Otter reflects on tenure in final State of the State
Updated 8:05 pm, Monday, January 8, 2018
BOISE, Idaho (AP) — Idaho Gov. C.L. "Butch" Otter on Monday promised he was leaving Idaho in a better place than when he found it nearly 12 years ago, ticking off a long list of challenges he's had to overcome as head of state that included natural disasters, political division and economic recession.
The Republican governor struck a reflective tone during his 12th and final State of the State address to lawmakers. Known as the official kickoff to the legislative session, the 55-minute speech — his longest ever during his annual address to lawmaker — focused on the hard lessons he's learned throughout the three terms in Idaho's highest elected position.
"With the benefit of experience earned through the patience and confidence of Idaho voters, today I have a more nuanced view of the proper role of government," Otter said. "I have always understood its limitations and its flaws. But now I also know its possibilities, when responsibly led, for helping individual citizens realize their full potential. None of us can afford to dismiss the latter because we are hamstrung by the former."
Otter pointed to his dedication to improving Idaho education, replenishing the state's reserves and attracting job growth as some of his top achievements.
Come December, Otter will end more than four decades of being an elected official. Noting the looming change, Otter's budget even includes a line item for $15,000 to help cover governor-elect transition costs.
Yet, despite his term approach an end, Otter still laid out a long list of goals for the upcoming 2018 session.
Overall, the governor is proposing a 6.62 percent increase from last year's budget. This would bring the state budget to $3.66 billion in fiscal year 2019, which starts in July and goes until the end of June 2019.
As constitutionally required, the majority of the budget proposed by Otter would be spent on education. This includes increasing public schools funding by 6.03 percent, or by $123 million. This includes $42 million more to help boost teacher's salaries.
As were his priorities during his first State of the State address in 2007, tax cuts and education highlighted the majority of Otter's agenda for the upcoming legislative session. Otter proposed a $200 million tax cut package that includes reducing the state's income and corporate tax rate, as well as adding an $85 child tax credit.
The announcement comes at a time when tax officials are warning lawmakers that Idaho taxpayers could end up paying roughly $100 million more next year as a result of the Republican tax overhaul that President Donald Trump signed into law last month.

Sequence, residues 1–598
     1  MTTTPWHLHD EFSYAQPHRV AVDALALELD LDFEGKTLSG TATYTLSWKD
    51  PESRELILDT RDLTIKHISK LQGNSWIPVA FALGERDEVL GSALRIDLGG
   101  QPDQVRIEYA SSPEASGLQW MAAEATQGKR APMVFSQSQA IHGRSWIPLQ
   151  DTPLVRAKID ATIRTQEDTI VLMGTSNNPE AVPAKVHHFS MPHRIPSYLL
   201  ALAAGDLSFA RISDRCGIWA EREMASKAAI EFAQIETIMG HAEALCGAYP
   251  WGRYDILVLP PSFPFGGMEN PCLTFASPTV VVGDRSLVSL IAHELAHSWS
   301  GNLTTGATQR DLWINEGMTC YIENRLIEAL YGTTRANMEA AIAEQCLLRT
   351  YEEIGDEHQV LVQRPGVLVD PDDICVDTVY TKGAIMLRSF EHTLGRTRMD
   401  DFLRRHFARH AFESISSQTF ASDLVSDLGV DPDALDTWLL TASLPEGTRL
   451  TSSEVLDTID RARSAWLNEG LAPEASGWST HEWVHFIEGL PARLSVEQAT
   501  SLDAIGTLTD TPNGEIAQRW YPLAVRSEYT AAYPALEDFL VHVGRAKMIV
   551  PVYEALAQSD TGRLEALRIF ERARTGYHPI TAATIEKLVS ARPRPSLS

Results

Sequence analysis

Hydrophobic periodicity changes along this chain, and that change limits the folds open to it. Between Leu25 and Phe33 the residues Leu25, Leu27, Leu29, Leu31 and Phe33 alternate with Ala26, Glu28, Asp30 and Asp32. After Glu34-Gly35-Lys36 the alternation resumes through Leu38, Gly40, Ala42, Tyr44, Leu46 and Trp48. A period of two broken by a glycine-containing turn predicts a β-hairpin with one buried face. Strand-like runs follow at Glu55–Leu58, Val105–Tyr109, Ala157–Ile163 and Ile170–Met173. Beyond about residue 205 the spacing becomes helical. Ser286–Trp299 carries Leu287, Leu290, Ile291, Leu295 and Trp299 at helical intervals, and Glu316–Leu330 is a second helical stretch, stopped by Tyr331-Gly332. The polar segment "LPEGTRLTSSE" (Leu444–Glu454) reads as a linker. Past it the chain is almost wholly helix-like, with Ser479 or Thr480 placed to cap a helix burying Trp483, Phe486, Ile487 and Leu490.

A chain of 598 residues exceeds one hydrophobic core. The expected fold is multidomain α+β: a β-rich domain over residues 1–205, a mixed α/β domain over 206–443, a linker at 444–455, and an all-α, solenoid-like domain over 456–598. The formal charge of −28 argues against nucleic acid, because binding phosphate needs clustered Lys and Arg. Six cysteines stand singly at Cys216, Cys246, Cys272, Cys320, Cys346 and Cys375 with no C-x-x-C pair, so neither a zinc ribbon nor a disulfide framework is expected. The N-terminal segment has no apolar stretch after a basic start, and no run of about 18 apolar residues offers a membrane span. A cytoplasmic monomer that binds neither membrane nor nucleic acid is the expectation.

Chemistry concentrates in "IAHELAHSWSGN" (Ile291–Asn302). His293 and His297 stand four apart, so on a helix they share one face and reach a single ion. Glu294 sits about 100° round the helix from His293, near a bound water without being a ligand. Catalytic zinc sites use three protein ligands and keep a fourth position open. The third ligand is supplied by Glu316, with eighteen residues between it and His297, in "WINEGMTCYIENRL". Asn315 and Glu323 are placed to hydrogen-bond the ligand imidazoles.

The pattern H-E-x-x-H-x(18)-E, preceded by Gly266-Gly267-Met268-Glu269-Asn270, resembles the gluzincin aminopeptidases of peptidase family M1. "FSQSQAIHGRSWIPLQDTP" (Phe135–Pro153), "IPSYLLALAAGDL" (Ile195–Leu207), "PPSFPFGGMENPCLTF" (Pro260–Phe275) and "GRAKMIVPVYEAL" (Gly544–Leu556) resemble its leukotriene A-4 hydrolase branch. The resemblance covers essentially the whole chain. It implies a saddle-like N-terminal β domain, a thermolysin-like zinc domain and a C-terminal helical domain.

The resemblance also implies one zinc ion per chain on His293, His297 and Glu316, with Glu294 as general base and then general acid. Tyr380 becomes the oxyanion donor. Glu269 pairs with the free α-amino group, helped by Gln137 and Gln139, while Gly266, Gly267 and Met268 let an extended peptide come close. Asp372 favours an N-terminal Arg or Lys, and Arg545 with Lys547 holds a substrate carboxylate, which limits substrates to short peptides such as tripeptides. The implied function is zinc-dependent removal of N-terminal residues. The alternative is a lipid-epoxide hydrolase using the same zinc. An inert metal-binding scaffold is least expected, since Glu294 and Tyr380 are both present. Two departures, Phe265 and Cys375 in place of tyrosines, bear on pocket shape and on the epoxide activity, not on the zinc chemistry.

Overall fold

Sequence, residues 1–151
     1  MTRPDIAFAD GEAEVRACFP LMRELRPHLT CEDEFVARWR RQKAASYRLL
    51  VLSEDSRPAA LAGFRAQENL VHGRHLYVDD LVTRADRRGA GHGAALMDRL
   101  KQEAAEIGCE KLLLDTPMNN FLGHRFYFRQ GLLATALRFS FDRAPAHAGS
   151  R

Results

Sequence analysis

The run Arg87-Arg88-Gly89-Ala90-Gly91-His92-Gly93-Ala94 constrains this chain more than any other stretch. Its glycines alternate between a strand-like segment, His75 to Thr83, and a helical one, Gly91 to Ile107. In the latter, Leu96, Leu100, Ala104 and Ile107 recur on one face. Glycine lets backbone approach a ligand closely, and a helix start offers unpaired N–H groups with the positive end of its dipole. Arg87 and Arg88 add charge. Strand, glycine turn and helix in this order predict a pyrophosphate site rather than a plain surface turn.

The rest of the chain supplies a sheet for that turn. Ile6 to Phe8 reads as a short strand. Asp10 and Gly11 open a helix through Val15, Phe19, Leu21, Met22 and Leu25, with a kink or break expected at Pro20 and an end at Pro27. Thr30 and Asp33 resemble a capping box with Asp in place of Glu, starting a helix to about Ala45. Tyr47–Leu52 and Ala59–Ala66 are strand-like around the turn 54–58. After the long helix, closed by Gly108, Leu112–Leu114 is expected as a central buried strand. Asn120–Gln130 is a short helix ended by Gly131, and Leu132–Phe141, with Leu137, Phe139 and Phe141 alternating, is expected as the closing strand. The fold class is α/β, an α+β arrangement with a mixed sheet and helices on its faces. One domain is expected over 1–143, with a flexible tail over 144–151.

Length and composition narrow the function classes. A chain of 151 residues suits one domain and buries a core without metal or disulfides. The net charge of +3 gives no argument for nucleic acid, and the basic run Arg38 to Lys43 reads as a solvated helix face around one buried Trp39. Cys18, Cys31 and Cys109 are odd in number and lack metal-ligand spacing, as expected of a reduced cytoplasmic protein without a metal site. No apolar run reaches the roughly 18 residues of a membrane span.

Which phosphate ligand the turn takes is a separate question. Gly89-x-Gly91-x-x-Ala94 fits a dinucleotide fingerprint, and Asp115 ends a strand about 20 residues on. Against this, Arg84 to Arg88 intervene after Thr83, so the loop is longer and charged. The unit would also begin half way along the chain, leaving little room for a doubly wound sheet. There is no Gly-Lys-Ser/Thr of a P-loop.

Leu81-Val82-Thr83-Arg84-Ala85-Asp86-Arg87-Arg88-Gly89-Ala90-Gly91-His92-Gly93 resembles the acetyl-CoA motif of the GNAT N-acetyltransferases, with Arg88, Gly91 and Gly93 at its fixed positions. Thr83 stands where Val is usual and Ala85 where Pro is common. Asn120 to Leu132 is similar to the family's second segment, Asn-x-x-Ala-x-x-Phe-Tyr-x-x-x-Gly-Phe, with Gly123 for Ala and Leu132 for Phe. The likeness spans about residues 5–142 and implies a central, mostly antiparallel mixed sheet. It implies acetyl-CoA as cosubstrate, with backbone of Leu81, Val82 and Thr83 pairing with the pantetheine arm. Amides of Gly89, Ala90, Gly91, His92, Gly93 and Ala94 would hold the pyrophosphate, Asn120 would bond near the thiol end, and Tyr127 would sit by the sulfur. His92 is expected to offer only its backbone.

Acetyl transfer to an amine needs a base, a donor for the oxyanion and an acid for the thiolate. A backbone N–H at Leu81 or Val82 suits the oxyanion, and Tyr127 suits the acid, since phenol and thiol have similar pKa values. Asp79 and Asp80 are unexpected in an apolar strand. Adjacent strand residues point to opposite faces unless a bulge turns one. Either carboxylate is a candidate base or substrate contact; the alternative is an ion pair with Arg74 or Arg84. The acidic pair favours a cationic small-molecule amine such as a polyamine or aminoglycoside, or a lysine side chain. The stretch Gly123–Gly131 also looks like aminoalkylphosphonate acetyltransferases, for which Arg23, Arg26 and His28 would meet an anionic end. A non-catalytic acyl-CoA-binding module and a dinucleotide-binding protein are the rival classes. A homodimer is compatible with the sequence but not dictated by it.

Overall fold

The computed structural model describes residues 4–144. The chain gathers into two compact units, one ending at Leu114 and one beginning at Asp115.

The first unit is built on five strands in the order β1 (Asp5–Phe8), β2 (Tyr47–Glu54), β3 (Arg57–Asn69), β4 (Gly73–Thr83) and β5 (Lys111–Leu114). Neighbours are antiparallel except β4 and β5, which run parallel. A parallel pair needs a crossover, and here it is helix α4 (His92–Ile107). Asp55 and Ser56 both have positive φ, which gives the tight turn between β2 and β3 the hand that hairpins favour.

Separately, Otter is once again pushing lawmakers to reduce a key component in how Idaho calculates the unemployment insurance tax rate because the trust fund Idaho uses to pay unemployment benefits has more money than it needs to survive an economic crisis. Lawmakers failed to take up the governor's request last year.
"We must never forget that it's the people's money. So I will gladly join you in reducing individual and corporate income tax rates with an eye toward stimulating more economic growth," Otter said. "But that must be accomplished while keeping our fiscal house in order and our investments for the future on track."
Otter is also asking lawmakers to create a chief education officer who would help make key changes inside Idaho's postsecondary system.
The idea stems from various recommendations submitted by a task force appointed by the governor to review the state's postsecondary access and completion. The proposal has also been endorsed by a handful of business executives, who sent a letter to Otter urging him to adopt the idea because of the growing need to have a better skilled workforce in Idaho.
According to Otter's budget, the CEO will have a $200,000 annual salary, as well as an additional $500,000 in one-time consulting costs.
Included in Otter's speech was support for a new proposal for Idaho to apply for two federal waivers that would change how the state's working poor can qualify for health insurance subsidies or Medicaid. Doing so would provide medical coverage to an estimated 38,000 Idahoans and slash premiums by up to 20 percent.
"So in my last legislative session as your governor, I am making one final attempt. No longer should this body use my agreement not to act alone on Obamacare issues as a way to stop progress that will benefit Idaho citizens," Otter said, chiding lawmakers for refusing to find a solution to Idahoans who don't qualify for health care. "We can no longer wait on Congress. This issue is too pressing."
State lawmakers will now spend the next few months in Boise working to balance the state budget and pass legislation.